Barrack Obama and Mao Zedong are two leaders who will be remembered for their charismatic leadership and idealistic principles. Their leadership skills have contributed to reaching of national recognition. Barrack Obama illustrates integrity and sincerity of purpose through his lifestyle. Through his values embedded in his humble background, he proclaims a conviction that a blessed life should be lived in service to others (President Barrack Obama, 2012). Obama’s enrolment in church based organization soon after graduation, as well as engagement in the Tenants Rights Organization, demonstrates his ideology of improving people’s lives. Mao Zedong, on the other hand, demonstrated integrity through his political policies. Being a Chinese revolutionary leader, Zedong waged guerrilla warfare and he won the battle. The communist ideology of Mao Zedong was based on providing a better living to the people of China as witnessed in land reforms, whereby he used force to evict feudal landlords and subdivide the land to the people (Wang, 1991). This paper, therefore, examines the autocratic and participative leadership styles demonstrated by Zedong and Obama respectively.
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Obama carries the beacon of hope for people all over the world. His leadership skills demonstrate hard work and determination, which he lays as a foundation for the future generation. Reviving the American economy after the 2008 slump has positively influenced many Americans. President Obama has also fulfilled some of his promises such as the withdrawal of the American soldiers from the Middle East as well as the campaign for the health care bill. However, his leadership has been criticized because democracy has not been upheld, to implement budget issues, and a future economy. Unlike Obama, the dictatorship authority of Mao Zedong mainly influenced the peoples’ lives negatively. His failure to value human life, whereby between 40 and 70 million lives were lost during his rule, is viewed as one of his biggest failures as a leader. Zedong’s leadership style, therefore, contrasts Obama’s in the implementation of the ideologies. Zedong valued achievement of his goals without regarding support for human relationships while Obama’s leadership aligns tasks and human values. The impact of their leadership styles on people highly determines their legacy.
In this regard, Obama will be remembered in history as the leader who championed the healthcare system, revived the American economy, and terminated the American number one enemy, Osama Bin Laden. Strengthening ties between the US and the countries of the Middle East is viewed as suppressing a war waged by the republicans. On the other hand, people will also remember Obama’s failures, such as his inability to curb Wall Street corruption. Obama’s failure to back up his promises in the closure of the Guantanamo Bay, as well as passing of the military provision for imprisonment of Americans without trial, will also be contained in his legacy. Mao Zedong will be remembered for his efforts in ending the civil war that unified China. Zedong’s reign led to deaths of over 40 million due to famine and judicial killings. Zedong’s rule has, however, been accredited for laying a foundation for China’s modernization and industrialization. Unlike Obama’s legacy that is built on democracy, Zedong will be remembered for his authoritative leadership. This, therefore, points to the differences in their service to the people.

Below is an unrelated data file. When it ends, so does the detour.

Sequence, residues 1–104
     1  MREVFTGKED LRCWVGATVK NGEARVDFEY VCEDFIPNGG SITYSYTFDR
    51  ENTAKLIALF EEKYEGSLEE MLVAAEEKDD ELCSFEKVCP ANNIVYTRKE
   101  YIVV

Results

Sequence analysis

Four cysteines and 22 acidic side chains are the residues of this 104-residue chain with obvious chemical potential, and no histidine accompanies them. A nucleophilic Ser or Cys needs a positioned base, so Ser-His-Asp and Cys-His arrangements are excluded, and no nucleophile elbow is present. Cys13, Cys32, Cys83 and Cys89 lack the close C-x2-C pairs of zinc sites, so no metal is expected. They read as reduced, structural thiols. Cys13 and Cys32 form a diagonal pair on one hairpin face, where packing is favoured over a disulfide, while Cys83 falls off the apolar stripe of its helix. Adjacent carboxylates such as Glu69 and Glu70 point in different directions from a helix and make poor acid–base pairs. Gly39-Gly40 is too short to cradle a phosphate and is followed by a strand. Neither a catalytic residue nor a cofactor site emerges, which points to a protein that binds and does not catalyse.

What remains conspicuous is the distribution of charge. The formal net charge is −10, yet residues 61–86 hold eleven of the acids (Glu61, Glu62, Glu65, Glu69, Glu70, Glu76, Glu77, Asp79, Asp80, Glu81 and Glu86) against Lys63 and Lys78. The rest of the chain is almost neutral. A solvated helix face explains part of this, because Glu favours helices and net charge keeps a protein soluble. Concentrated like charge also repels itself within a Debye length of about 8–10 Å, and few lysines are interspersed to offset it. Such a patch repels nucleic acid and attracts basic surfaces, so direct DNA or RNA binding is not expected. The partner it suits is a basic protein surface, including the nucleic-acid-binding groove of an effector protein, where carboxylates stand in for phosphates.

A notion “servant leader” refers to a leader who devotes all his life to serving the people. Barrack Obama can be termed a servant-leader: which is shown by his service to the community organizations; tenants’ rights advocacy as well as his work as a senator for the people of Illinois. Mao Zedong’s leadership cannot be termed as servant leadership since his rule was based on dictatorship. His campaigns did not reflect service to his people as they were set on self-political ambitions. As a participative leader, Obama pushes for his ideologies through interacting with his subordinates’. On the other hand, Zedong intimidated and threatened his subordinates’ into obeying his orders as evidenced in his speeches.
Zedong used his communication skills to instill fear into his followers and force them to support his ideas. Even when a lot of people died during the Chinese revolution, Mao Zedong noted that the country was populous and could do without a few people (Wang, 1991). On the contrary, Obama’s oratory skills call upon people’s actions by instilling hope as illustrated in his campaigns for the presidency. Obama’s speeches, for example, advocate for change that is to be passed on to the future generations. At the graduation ceremony, at Bernard College, Obama’s speech encourages the graduates to define their own future: “And that defiant, can-do spirit is what runs through the veins of American history. It is the lifeblood of all the progress. Moreover, it is that spirit which we need your generation to embrace and rekindle right now’’ (American rhetoric, 2012).
The paper sought to examine the autocratic and participative leadership styles demonstrated by Zedong and Obama respectively. It is evident that participative leadership brings along integrity and charisma as demonstrated by Obama. Autocratic leadership demonstrated by Zedong, on the other hand, devalues human relationship clouding out any positive impact.Servant leadership, therefore, impacts positively on the legacy of the leader as compared to the autocratic leadership style.
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